There is an old saying that when spring is in the air a young man’s interest turns to love, but in Alabama politics a good many people’s interests turn to politics. It is like a sport in Alabama to start speculating on and handicapping the potential candidates for the next Governor’s race. Although it is almost four years away, the guessing has begun.

Bob Riley is prohibited by the Constitution from seeking a third four-year term so it makes the jockeying even more intense. There will be no incumbent so both party’s primaries will be wide open and aggressive.

The aspirants will not show their hands yet, but you can bet they are privately conversing with their closest friends, family, and advisors. You will feel the testing of the waters by some early polling data to ascertain their electability and name identification.

Even though it may seem early, candidates can begin their fundraising for the 2010 races in just over two years in June of 2009. Once that bell rings the most serious of the contenders will be off to the races and jockeying and betting will begin. At that time it will be known who the real horses are going to be for the brass ring, the Governor’s office. Special interests will pull out all their ammunition for their horse because it will be for all the marbles and the winner’s reign will probably be for eight years, given the advantage of incumbency.

The prohibitive early favorite is Lt. Gov. Jim Folsom Jr. He has been through seven statewide races, three successful runs for the Public Service Commission, three more wins for Lt. Governor, and his only loss was for Governor in 1994, a close race to Fob James. Folsom knows the importance of fundraising and has the proven ability to attract campaign funds.

Two more Democrats are waiting in the wings. The interesting question is whether they have the courage to challenge Folsom the frontrunner. It is doubtful that Folsom will falter because the Lt. Governor’s office has no power, thus he cannot create any waves or controversy.

The most potent potential Democrat is House Speaker Seth Hammett. He is bright, articulate and organized. However, he is not a gambler. He will have the odds calculated to the inch degree. If he does not believe he can win he will not run. The office of Speaker of the House is very powerful. Thus he is in a position to raise the big bucks to run. However, on the other hand, the Legislature does not generate high profile name identification. Hammett tested the waters in 2006 and initial polling indicated his name was below 5% statewide. It is doubtful whether any member of the House or Senate would register as much as 10% statewide name identification.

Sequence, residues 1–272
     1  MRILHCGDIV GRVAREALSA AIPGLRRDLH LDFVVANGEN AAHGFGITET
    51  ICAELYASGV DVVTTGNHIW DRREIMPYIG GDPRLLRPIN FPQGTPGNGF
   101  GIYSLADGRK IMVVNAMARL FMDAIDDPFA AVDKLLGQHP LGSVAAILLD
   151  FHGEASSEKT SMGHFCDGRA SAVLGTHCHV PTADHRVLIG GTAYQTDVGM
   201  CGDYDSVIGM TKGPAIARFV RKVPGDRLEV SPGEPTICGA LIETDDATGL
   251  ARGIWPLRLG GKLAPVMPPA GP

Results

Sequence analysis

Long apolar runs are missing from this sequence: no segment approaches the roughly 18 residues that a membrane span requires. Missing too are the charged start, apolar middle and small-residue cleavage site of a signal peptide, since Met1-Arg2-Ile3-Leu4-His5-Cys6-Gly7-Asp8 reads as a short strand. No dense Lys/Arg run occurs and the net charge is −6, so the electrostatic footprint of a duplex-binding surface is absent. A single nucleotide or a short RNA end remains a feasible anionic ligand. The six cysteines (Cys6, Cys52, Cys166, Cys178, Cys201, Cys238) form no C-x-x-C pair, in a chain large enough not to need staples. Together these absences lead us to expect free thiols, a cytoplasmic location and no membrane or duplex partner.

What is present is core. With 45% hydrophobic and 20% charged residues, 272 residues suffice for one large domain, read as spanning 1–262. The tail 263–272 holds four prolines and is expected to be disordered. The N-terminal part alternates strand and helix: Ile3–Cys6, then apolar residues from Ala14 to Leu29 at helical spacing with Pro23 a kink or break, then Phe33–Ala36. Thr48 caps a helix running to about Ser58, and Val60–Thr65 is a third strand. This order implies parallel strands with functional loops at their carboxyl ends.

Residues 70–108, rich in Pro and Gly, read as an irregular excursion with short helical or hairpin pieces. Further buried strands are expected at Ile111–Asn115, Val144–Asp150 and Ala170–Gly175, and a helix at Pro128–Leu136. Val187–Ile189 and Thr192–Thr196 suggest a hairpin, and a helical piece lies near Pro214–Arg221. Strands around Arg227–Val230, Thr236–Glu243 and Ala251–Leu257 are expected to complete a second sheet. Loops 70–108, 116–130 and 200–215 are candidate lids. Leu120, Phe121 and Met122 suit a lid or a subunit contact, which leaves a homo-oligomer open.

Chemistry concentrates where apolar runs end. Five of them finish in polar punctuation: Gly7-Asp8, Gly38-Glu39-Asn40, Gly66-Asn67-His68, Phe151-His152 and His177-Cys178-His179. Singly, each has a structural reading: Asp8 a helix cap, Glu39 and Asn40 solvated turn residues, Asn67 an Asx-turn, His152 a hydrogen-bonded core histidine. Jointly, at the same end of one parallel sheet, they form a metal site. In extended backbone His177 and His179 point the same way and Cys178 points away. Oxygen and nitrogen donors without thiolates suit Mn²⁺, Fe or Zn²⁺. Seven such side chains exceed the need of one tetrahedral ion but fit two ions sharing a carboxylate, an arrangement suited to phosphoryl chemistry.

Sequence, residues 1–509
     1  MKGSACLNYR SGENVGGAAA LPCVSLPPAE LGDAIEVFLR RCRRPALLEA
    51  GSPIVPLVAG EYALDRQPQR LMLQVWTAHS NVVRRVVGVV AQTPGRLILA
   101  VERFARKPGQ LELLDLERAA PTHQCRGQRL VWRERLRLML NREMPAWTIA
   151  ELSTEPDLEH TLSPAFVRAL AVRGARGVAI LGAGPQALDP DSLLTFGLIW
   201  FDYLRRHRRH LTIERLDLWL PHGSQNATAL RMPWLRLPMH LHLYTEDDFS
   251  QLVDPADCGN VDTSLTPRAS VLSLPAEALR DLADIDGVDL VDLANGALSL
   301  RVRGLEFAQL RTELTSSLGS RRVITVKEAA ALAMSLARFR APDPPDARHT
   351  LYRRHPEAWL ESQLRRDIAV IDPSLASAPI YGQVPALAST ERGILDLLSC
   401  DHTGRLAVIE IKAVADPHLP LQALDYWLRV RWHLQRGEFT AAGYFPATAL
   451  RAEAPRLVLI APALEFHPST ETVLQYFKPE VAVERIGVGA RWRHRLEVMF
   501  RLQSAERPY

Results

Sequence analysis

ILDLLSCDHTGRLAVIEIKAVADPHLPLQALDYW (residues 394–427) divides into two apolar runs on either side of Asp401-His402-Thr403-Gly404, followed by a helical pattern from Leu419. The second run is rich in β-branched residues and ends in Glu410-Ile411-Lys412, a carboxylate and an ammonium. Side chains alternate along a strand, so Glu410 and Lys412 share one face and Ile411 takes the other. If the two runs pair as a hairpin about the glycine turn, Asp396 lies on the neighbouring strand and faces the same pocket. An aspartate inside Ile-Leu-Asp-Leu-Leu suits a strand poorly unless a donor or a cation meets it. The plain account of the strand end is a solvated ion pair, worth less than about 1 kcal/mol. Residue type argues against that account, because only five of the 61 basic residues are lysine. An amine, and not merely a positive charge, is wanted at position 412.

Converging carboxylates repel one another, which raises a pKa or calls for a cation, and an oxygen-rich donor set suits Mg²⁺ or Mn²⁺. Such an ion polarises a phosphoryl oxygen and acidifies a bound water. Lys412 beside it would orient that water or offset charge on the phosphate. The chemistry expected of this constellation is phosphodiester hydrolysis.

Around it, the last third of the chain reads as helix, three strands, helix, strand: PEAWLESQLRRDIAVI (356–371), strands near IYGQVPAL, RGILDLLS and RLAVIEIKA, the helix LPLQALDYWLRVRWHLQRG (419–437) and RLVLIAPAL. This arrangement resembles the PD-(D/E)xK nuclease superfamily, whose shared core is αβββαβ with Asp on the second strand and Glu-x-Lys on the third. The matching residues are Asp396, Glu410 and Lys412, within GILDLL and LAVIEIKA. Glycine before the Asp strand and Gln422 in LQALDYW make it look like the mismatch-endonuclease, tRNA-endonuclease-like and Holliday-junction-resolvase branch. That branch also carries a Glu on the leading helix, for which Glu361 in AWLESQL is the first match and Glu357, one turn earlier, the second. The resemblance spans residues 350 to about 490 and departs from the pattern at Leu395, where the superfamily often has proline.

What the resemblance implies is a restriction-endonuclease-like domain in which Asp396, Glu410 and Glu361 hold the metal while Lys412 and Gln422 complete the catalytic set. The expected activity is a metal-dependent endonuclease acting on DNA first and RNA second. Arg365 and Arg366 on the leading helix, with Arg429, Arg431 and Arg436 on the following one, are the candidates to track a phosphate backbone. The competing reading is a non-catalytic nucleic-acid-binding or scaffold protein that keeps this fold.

Democratic Agriculture Commissioner Ron Sparks openly acknowledges that he lusts for the Governor’s office. He will have to move from the Agriculture post in 2010 after having served two terms. Although he has been elected twice to his current job, it is very low profile and he probably does not have high name identification. Democratic bosses will probably steer him to the Lt. Governor’s race. Hammett would probably not be interested in the Lt. Governor’s job because he would lose power.

Ironically the Republicans do not have any major players sitting in Constitutional offices that could currently challenge a Jim Folsom Jr. The highest ranking GOP face card is Attorney General Troy King and he does not really look gubernatorial at this time. The other lower profile officeholders, like Beth Chapman, seem relegated to their administrative offices. However, Kay Ivey, the Treasurer, may well be eyeing the Lt. Governor’s race. There may be a battle brewing for the GOP Lt. Governor nomination between Ivey and Luther Strange. He may want another shot at the spot he missed by only 20,000 votes.

This void in the GOP ranks for potential gubernatorial candidates leaves the door wide open for a well-financed, unknown businessman to come out of the blue. That phantom candidate will appear in my opinion and because the Republican party is now the majority party in Alabama it will be a close race no matter who the Republicans select.

Many observers predict that Gov. Riley will have a favorite candidate as his successor. Two names mentioned prominently are his son, Birmingham lawyer Rob Riley, or his best friend, Auburn Representative Mike Hubbard.

Charles Barkley tells everyone in the world on national talk shows that he plans to run for Governor of Alabama but no matter how many times he says it he will not be a candidate. He is prohibited by the law. Our Constitution requires that a Governor be a resident of Alabama for seven years prior to election.

Politics never ends in Alabama.